Thousands upon thousands of children who have suffered abuse and neglect are in need of a forever adoptive family and a home to call their own. Agencies throughout the country work diligently to find viable foster/adoptive parents for these children. Oftentimes, agency workers turn to formal and informal parent groups because the resources and talents they possess are extremely helpful in the recruitment of families.
Since both parent groups and agencies have the best interests of children in mind, a partnership can have an enormous positive impact on the recruitment and retention of families. As an adoptive parent and a parent group member, I feel that a successful partnership must be based upon mutual respect and allow a framework of independence in order to be effective.
If a parent group is interested in pursuing a partnership, here are some steps that should be taken. First, assess the needs of children and parents to determine how a parent group could benefit both populations. Next, identify the decision-maker within the agency for contractual purposes. Submit a comprehensive plan of services including a mission statement, targeted client population, goals, and objectives. A budget must be developed that includes training, recruiting, and pre-/post-adoption services. It is crucial for the parent group to maintain its independence and provide the agency with expectations in writing.
The possible roles for parent groups are diverse. Oftentimes myths regarding the foster/adoptive process and child placement persist in the community. Parent groups can correct false beliefs about financial factors, family structure issues (single-parent families vs. couples), qualifications, and the entire foster/adoption process. They can explain what agencies are looking for in a family, discuss common fears and false perceptions that families may have, relate the joys and possible problems that may arise, and—most importantly—provide a real-life example of how accessible foster care/adoption can be for the average family. Plus, prospective families tend to feel comfortable communicating with parent group members because of the membersí openness and honesty about their own foster/adoption experience.
Parent groups and agencies can also work as a team to train prospective families. Members can be involved in informational meetings, serve as co-trainers in preparation classes, and assist in writing home studies. The team approach helps reduce the barrier between families and the agency, minimizing breakdowns in communication often related to cultural issues and insensitivity toward families.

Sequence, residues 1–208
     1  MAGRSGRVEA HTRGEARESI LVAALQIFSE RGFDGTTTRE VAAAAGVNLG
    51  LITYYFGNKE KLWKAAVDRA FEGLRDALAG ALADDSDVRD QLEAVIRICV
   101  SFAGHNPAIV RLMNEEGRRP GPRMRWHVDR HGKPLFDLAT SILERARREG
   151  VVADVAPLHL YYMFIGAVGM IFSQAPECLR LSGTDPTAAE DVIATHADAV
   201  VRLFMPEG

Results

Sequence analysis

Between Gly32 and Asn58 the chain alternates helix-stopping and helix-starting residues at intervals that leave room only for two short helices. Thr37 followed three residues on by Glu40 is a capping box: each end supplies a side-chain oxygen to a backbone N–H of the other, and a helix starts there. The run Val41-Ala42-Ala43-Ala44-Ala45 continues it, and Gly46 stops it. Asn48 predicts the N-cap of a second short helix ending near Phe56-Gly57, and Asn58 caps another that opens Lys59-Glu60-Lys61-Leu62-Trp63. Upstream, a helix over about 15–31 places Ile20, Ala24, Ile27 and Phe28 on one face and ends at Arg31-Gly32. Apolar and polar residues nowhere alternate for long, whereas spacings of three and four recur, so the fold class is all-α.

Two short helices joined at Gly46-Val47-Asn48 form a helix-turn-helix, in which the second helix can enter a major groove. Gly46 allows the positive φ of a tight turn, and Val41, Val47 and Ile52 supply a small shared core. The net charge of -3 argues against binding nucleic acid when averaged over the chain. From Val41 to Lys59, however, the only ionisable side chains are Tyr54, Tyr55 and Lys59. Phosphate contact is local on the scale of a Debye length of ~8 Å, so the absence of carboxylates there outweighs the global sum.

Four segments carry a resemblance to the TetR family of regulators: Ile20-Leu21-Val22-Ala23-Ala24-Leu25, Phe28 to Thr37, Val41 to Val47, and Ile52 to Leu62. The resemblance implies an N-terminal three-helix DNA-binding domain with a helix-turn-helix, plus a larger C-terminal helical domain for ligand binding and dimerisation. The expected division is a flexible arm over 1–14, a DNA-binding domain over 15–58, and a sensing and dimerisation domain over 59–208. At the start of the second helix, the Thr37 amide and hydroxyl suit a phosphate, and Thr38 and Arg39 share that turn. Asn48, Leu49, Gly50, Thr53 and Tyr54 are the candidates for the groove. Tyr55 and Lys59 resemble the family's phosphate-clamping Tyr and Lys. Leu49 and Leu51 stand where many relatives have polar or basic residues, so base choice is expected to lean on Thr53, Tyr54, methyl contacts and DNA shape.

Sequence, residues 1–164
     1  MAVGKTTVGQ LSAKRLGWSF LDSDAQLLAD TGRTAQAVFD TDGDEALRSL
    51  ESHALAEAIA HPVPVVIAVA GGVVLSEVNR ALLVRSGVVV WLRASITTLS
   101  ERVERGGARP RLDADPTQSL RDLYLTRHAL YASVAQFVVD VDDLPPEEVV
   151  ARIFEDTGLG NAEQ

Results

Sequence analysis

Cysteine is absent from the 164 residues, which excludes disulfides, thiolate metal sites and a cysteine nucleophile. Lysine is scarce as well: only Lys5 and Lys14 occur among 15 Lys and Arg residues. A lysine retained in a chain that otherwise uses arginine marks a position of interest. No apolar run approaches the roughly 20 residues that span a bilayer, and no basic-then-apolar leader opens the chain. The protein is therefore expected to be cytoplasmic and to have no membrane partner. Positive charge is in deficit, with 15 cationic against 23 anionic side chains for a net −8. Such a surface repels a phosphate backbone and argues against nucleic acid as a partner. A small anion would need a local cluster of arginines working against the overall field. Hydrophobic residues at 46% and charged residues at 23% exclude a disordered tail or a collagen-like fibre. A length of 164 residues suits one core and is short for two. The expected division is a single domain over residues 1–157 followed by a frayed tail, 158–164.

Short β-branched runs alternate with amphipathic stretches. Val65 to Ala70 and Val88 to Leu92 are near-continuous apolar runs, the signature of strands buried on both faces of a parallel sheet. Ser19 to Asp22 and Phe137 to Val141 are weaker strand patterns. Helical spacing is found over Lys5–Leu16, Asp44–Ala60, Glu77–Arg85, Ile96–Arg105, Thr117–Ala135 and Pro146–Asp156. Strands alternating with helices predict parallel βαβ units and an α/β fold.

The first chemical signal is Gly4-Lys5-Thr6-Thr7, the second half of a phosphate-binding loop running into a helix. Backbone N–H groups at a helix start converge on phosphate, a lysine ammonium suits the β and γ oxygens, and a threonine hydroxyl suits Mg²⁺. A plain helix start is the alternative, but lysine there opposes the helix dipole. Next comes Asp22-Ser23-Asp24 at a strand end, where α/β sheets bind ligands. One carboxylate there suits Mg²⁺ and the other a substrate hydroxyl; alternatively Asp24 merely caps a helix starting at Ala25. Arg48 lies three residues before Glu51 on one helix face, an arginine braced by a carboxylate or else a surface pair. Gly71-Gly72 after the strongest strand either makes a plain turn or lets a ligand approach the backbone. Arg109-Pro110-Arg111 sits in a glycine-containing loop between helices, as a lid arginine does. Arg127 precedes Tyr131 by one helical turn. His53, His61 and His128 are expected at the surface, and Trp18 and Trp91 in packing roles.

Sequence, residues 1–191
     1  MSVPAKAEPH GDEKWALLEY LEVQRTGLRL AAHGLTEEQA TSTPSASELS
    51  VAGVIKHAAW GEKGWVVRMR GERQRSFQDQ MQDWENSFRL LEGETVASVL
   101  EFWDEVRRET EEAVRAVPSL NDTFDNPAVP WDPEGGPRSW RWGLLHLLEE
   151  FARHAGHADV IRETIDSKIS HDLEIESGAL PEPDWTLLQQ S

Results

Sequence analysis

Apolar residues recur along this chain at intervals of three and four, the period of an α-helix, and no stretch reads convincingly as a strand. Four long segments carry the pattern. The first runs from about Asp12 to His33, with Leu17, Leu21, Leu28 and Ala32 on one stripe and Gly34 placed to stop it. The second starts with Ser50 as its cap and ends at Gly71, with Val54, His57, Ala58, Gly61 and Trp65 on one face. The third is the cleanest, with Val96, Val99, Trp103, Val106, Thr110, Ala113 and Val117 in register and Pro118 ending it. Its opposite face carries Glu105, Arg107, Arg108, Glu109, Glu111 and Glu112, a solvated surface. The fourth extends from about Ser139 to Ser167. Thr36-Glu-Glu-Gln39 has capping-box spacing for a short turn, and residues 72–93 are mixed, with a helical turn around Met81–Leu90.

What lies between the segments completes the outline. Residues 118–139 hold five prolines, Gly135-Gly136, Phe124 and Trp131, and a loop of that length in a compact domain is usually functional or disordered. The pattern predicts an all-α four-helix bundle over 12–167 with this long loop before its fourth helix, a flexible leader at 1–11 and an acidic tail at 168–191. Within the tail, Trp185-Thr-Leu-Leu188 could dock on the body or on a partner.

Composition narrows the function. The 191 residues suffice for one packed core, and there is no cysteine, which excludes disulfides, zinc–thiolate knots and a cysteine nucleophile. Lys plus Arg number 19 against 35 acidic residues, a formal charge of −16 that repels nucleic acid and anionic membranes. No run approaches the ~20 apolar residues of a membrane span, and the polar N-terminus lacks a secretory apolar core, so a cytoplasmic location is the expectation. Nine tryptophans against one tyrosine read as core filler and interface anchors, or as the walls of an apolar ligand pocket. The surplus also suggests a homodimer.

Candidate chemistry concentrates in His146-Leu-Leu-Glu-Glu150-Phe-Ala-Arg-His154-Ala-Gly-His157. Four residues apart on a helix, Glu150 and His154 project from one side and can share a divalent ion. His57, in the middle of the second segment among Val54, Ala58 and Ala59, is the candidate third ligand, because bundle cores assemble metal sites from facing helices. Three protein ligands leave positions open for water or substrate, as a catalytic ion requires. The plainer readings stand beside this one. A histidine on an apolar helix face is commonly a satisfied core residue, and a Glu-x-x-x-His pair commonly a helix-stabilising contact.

Parent group members are the forerunners of recruitment. Adoptive parents today, whether they realize it or not, have a powerful voice. This can be used to strengthen the voices of families, thus preventing frustration and increasing retention by minimizing the potential dropout or selecting out of a family. Parent group members also have the responsibility of educating agency personnel at all levels, reminding them that WE—the families—are the most valuable members on the team.
Another effective and low-cost avenue of recruitment that parent groups may use is the media. Key months to contact television and radio stations and community newspapers are April (Child Abuse Prevention Month), May (Foster Parent Appreciation Month), and November (National Adoption Awareness Month). Use these months to plant the seed that parents are the experts on adoption/foster issues by sending public service announcements, proposals for feature stories to highlight parents and children, and schedules of upcoming events. Local cable channels can be utilized to produce a PSA for your group, and human interest stories are always welcomed by the media. Many families in a group are willing and available to “speak out” regarding the need for foster/adoptive families. The stations may be unable to air your requests in May and November since these are TV sweep months, but they usually are happy to incorporate them in June and December. Repeated, persistent contact can form the foundation of a lasting, community-based media relationship.
Agencies and parent groups share a common goal: to provide children with a positive and healthy family environment. We must continue to work together to that end until every child has a “forever home.”
An extremely helpful aid for parent groups to use is a standard packet of information that is given out or sent to people who request general adoption information. Packets should include a meetings and activities schedule, a list of other services the group has to offer, and a cover letter thanking them for their interest in adoption and inviting them to an upcoming event.
When using the information packet as a recruitment tool, make sure it includes basic information on adoption, similar to How to Adopt; a list of local agencies; and a “Success Sheet,” a brief story of each successful placement in the group. Be sure the language used in publications, letters, and recruiting materials is inclusive for all of the families that may be recruited or worked with, such as single parents, minority families, and empty-nesters. Educating a family about the needs of the kids today will ensure their connection with the group for support and involvement in the future.